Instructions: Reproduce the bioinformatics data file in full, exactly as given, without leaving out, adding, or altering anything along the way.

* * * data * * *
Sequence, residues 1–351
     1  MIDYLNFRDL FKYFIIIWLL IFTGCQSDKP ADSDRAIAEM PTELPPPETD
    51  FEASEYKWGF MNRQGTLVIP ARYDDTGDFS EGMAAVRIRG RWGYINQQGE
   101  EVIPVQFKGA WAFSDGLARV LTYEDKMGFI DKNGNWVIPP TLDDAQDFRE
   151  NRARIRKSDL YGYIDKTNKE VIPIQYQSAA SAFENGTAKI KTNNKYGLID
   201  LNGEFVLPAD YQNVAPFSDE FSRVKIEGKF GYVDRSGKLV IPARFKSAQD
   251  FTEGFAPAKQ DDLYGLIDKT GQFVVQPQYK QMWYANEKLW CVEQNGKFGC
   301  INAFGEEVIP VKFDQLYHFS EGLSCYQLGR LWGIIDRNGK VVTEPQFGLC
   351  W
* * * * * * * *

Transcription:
Sequence, residues 1–351
     1  MIDYLNFRDL FKYFIIIWLL IFTGCQSDKP ADSDRAIAEM PTELPPPETD
    51  FEASEYKWGF MNRQGTLVIP ARYDDTGDFS EGMAAVRIRG RWGYINQQGE
   101  EVIPVQFKGA WAFSDGLARV LTYEDKMGFI DKNGNWVIPP TLDDAQDFRE
   151  NRARIRKSDL YGYIDKTNKE VIPIQYQSAA SAFENGTAKI KTNNKYGLID
   201  LNGEFVLPAD YQNVAPFSDE FSRVKIEGKF GYVDRSGKLV IPARFKSAQD
   251  FTEGFAPAKQ DDLYGLIDKT GQFVVQPQYK QMWYANEKLW CVEQNGKFGC
   301  INAFGEEVIP VKFDQLYHFS EGLSCYQLGR LWGIIDRNGK VVTEPQFGLC
   351  W